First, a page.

Safe to say before this recent trip to Nebraska I knew nothing about the animal called a prairie chicken! So maybe you are like me and this will all be new.
Last week I wrote a brief post about a bird called a prairie chicken. If you live in the midwest, you may have seen or heard of this bird. If you live elsewhere but travel through the midwest in the spring, you may want to consider stopping in to see their unique mating dance, which takes place every morning and evening for about 4-6 weeks. It is incredible!
Before traveling to Nebraska and seeing these birds, I knew nothing about them. But now I know a lot! Here are some things I learned about greater prairie chickens:
1.Greater prairie chickens are found only in the United States and only in a few places, many of which are on private land. In much of their original range they are extinct or endangered. There are thought to be about 459,000 remaining prairie chickens. They need open grassland with grass 10-18 inches long for roosting and nesting in. They are found in Kansas, Nebrasaka, Oklahoma, and scattered areas in Wisconsin, Illinois and Colorado.
2. Have you ever visited those states during winter? If so you know it is pretty cold! But even so, prairie chickens do not migrate. Instead, they dig into the snow, creating horizontal tunnels which insulate them from the freezing temperatures. They have feathers on their legs and feet which helps to keep them warm. Like many other animals, they change their diet in winter, becoming herbivores.
3. The rest of the year prairie chickens are omnivores. They eat a variety of plant and animal matter including leaves, seeds, buds, grains, insects and other invertebrates.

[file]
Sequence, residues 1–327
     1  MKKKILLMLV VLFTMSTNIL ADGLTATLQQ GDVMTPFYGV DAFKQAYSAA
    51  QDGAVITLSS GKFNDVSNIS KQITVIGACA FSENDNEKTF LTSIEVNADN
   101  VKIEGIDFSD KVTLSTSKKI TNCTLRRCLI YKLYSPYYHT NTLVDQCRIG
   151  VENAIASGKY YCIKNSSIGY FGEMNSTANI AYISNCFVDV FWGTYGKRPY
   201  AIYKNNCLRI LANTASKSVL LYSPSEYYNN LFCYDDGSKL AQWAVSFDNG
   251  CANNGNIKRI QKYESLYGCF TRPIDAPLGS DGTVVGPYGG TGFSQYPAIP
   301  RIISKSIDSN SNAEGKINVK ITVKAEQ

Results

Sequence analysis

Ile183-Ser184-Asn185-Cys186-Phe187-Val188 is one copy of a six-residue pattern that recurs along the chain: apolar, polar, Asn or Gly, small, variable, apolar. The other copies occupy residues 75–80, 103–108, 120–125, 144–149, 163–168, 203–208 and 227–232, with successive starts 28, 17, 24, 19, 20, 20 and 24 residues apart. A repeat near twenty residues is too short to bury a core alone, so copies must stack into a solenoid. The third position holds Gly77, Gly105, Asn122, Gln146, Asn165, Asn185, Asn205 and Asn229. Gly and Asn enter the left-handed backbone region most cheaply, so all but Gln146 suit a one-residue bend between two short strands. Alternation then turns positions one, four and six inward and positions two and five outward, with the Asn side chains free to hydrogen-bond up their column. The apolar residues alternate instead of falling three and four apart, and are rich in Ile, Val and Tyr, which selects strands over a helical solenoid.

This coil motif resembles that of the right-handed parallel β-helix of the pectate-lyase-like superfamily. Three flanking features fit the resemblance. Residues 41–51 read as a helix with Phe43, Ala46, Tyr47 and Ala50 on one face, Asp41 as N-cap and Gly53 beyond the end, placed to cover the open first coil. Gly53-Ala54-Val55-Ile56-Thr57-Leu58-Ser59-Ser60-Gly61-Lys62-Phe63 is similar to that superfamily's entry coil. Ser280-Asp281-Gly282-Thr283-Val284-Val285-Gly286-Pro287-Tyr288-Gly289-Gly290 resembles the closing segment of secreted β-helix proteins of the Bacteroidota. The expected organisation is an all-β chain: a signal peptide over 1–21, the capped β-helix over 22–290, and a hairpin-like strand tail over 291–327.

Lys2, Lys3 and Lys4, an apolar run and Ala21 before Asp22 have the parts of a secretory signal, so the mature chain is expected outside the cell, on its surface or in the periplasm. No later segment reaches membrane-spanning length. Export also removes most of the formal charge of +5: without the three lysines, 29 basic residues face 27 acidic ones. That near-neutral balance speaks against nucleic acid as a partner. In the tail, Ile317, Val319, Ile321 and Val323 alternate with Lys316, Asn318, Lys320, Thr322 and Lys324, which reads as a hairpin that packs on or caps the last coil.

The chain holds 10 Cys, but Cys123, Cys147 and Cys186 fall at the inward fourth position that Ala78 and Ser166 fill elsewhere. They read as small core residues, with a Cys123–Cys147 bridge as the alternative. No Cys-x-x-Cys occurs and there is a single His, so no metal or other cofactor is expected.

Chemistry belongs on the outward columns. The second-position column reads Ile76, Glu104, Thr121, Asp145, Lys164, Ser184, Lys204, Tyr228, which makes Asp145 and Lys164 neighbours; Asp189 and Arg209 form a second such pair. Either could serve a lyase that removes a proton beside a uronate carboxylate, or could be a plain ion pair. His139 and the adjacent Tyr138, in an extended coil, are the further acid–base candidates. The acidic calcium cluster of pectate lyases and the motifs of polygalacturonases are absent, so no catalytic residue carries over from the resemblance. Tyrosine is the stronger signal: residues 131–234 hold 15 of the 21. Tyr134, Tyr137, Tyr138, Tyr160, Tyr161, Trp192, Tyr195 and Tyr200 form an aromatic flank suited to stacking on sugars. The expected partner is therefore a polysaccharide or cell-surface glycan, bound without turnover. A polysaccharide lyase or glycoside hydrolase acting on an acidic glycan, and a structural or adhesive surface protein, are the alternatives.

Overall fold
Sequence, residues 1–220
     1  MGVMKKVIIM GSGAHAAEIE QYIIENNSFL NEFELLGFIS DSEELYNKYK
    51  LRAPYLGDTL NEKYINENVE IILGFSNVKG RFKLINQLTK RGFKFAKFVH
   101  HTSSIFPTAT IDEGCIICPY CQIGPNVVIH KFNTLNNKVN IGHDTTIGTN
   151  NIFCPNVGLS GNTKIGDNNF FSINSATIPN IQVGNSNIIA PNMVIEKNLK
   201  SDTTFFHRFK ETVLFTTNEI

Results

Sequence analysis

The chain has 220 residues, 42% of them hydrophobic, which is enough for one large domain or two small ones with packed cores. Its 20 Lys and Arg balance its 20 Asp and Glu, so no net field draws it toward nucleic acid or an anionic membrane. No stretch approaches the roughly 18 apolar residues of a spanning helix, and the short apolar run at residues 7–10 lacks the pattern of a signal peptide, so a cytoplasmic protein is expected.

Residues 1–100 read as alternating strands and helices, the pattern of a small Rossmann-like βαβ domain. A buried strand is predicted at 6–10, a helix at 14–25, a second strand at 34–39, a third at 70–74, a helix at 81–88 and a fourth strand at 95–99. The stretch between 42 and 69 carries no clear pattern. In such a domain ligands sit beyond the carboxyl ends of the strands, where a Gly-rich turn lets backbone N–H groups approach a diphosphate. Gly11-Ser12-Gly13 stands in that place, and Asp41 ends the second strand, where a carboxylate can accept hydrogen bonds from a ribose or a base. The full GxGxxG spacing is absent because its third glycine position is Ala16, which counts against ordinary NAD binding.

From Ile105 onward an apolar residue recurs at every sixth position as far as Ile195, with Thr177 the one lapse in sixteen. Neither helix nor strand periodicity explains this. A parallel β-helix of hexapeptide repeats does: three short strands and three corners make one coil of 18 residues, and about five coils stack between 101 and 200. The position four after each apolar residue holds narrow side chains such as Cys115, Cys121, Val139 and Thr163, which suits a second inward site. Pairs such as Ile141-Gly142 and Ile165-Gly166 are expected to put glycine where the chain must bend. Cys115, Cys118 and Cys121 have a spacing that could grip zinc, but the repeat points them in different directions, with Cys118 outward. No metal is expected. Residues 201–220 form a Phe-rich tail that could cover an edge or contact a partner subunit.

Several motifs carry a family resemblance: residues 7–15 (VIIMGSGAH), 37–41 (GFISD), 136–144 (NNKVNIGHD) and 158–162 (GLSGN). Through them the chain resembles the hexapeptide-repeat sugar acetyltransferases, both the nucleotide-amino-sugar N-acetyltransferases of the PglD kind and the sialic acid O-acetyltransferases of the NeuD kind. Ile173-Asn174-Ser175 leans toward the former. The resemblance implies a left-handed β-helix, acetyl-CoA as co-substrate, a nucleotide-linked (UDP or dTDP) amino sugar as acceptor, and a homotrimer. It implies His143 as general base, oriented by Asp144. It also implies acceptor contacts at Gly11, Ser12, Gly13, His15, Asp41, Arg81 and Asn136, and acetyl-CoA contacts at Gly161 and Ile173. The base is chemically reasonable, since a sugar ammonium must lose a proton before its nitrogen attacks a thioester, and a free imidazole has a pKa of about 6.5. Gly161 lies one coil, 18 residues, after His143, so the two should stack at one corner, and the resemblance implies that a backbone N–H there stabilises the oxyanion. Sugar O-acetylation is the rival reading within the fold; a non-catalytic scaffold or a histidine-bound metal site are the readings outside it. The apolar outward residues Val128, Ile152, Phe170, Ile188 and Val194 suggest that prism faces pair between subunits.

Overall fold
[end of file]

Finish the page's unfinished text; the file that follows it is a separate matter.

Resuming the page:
4. Prairie chickens have a mating ritual that they participate in each spring called booming. Males in breeding plumage are pretty spectacular, with yellow combs over their eyes, feathers that look like rabbit ears that can be held erect or laid back over their neck, yellow patches below their eyes that they inflate with air to create a unique “booming” sound and a tail that fans out and stands erect.
Here are two videos of this: (I did take videos of this ritual but because I was in a blind with other photographers who were in “rapid fire” mode, it is hard to hear the chickens so I am choosing to use these videos instead)
5. Prairie chickens are polygamous and become sexually mature at one year of age.
6. Booming rituals take place at “leks,” which are the “dance floors” for the birds. Leks don’t look very different than surrounding grassland but the males claim about 100 square feet of ground and then defend it against other interested males. Two males can often be seen facing off on their leks, then jumping into the air and having physical contact with their competition for the eligible females.
7. Females create a shallow depression and arrange grass into a bowl shape, lining it with sticks, leaves and feathers that she removes from her breast. She will lay 5-15 eggs and incubate them for 25 days. When the chicks hatch, they can feed immediately. They will stay with mom for 8 weeks.
8. Ring-necked pheasant females –another bird of the open grassland–sometimes lay their eggs in greater prairie chicken nests and these eggs hatch before the prairie chicken eggs. Female prairie chickens will then isolate these pheasant eggs, thinking they are theirs. As a result, their own eggs often do not survive.
9. Prairie chickens weigh in at 2-3 pounds and are 16.9 inches long.
10. A group of prairie chickens is called a “little house” or a “pack” of prairie chickens.
Do you have anything to add about prairie chickens? Have you witnessed their booming ritual? As always, I’d love to hear from you! Use the comment box below to share your thoughts.